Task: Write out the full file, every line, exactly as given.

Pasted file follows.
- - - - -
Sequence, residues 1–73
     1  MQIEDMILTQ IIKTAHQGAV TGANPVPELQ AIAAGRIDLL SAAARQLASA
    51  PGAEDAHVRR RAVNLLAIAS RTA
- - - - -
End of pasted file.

Sequence, residues 1–73
     1  MQIEDMILTQ IIKTAHQGAV TGANPVPELQ AIAAGRIDLL SAAARQLASA
    51  PGAEDAHVRR RAVNLLAIAS RTA